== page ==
HONOLULU, Hawaii (HawaiiNewsNow) - Nine travelers who tested positive for COVID-19 in post-arrival screening on the Big Island turned out not to be infected with the virus.
That’s according to the doctor in charge of the island’s post-arrival testing program.
Those alarming false positives are leading to more doubts about testing at the airport.
Late Tuesday, Mayor Harry Kim confirmed he’s debating whether to make changes to the program ― or end it all together.
During a phone interview, Kim told HNN that officials in Hawaii County are currently reviewing all the data collected over the past week.
He said they will make a decision on whether to continue the islands required post-arrival tests by midnight Wednesday.
Right now, every traveler who arrives on Hawaii Island is required to get an antigen test before they can leave the airport.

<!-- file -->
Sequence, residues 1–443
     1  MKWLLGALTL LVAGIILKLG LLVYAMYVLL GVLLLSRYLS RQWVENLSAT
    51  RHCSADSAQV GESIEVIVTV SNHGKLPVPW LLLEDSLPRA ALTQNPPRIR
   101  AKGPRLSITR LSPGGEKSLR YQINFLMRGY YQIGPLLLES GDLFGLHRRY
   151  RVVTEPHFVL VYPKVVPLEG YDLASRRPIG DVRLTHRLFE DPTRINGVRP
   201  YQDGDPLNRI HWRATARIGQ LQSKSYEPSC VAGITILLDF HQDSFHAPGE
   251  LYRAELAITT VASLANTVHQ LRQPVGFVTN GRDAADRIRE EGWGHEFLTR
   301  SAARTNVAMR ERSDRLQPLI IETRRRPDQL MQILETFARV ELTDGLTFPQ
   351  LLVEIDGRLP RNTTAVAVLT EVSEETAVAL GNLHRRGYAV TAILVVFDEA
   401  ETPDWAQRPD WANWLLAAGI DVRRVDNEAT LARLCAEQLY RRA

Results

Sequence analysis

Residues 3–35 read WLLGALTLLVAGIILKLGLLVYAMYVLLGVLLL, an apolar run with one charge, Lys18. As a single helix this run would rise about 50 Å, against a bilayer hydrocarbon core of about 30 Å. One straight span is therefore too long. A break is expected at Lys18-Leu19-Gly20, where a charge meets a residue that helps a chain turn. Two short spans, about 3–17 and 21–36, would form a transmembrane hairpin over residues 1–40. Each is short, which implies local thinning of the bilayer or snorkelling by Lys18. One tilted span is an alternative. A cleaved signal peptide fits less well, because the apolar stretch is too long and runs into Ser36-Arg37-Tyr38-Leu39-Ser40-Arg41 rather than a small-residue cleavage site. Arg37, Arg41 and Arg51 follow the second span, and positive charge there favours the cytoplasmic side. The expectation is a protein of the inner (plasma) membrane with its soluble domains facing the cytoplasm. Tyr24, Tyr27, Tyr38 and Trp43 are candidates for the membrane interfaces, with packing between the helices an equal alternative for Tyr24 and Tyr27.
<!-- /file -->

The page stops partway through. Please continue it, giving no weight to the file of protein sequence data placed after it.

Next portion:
All it takes is a quick swab and results are ready in a matter of minutes. The process has been performed by close to 3,000 people since last Thursday.
“If we want to continue this we should try to find ways to post-test after they arrive here in a three- to four-day period,” Kim said.
Hawaii County is the only island that currently mandates travelers get a rapid test upon arrival.
Dr. Scott Miscovich, of Premier Medical Group, is overseeing the post-arrival testing program.
He says that test is extremely reliable if you’re actively shedding the virus. Miscovich added the downside of this new technology is that it will occasionally generate a false positive.
“We had nine positives (out of 3,000 tests) which is 0.3%. It’s a very small number. Of those nine we then do a gold standard PCR test. They all came back negative,” he said.
Lt. Gov. Josh Green says the initial data from the Big Island’s post-arrival testing is very helpful, saying results confirm the number of travelers infected with the coronavirus is very low.
“So far, the first 3,000 travelers have demonstrated not only were people negative within the 72 hours before traveling to Hawaii but on the day of arrival all of them are still negative," Green said.
He has argued that a second test after arrival is not necessary and has arranged for random surveillance testing of visitors as an insurance policy to protect against imported cases of the virus.